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Aug. 10, 2022

Researcher receives grant to evaluate methods of reducing adverse events in cancer survivors

The way patients and their physicians work together when battling cancer is instrumental for patient treatment. Helping patients to navigate their cancer, and treatment-related symptoms, is the focus of research conducted by Alla Sikorskii’s, Ph.D., M.S., faculty in Psychiatry at Michigan State University College of Osteopathic Medicine (MSUCOM).

As part of a National Institutes of Health (NIH) Award, Sikorskii serves as a Multiple Principal Investigator with colleague Terry Badger at the University of Arizona, evaluating “the efficacy of an automated telephone symptom management (ATSM) intervention, supplemented with a telephone-based interpersonal counseling (TIPC) intervention, to reduce distress and immune-related adverse events in cancer survivors receiving immune checkpoint inhibitors (ICIs).”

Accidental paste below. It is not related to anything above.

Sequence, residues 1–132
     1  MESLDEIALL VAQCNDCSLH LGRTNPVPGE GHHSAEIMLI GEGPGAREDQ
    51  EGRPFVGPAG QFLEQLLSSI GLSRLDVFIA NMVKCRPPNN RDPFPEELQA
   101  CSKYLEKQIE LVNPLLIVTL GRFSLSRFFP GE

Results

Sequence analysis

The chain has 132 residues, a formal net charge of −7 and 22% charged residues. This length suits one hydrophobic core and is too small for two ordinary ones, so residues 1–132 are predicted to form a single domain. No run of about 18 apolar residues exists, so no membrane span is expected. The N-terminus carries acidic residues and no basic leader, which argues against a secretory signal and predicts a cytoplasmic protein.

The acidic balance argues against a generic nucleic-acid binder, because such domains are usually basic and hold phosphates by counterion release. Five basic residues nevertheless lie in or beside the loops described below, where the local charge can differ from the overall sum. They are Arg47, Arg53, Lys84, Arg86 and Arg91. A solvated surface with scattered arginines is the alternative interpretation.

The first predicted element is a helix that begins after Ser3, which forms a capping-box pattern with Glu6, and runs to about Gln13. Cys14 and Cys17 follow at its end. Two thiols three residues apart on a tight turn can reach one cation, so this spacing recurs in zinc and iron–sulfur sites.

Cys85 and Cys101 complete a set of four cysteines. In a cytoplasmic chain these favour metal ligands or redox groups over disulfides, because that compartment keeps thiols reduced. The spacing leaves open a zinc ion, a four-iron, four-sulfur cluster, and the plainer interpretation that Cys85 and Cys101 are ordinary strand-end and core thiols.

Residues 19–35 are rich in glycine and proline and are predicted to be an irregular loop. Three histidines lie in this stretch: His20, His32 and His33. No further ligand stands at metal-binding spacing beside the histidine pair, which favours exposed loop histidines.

Sikorskii said ICIs by themselves or in combination with other therapies have great success when treating different types of cancer. However, patients experience many symptoms during treatment. Some can be self-managed, but symptoms that may be sentinel to immune-related adverse events need to be brought to the attention of a health care provider. Often physicians may prescribe medications that would allow the patient to continue with their immunotherapy. “It’s important to ensure treatment is going as well as planned and not interrupted,” Sikorskii explained.

Working with cancer survivors – people from cancer diagnosis to the end of life – Sikorskii’s research is focused on how to help patients recognize symptom early and talk and work with their doctor or nurse. “Many times, patients are concerned that if they bring the information to their doctor, the physician will stop treatment, and patients don’t want their cancer treatment to be compromised. During immunotherapy treatment, it is integral that patients are sharing information about their symptoms with their physicians,” Sikorskii said.

“This project tests a highly scalable automated intervention for managing symptoms during immunotherapy, adding a counseling intervention for survivors in need with high psychological distress,” Sikorskii’s project narrative describes. Determining what supportive intervention patients need early in their cancer treatment, and when and how to provide additional support throughout the treatment, ensures they’re receiving the planned cancer treatment, Sikorskii said.

To read more about Sikorskii's research, visit

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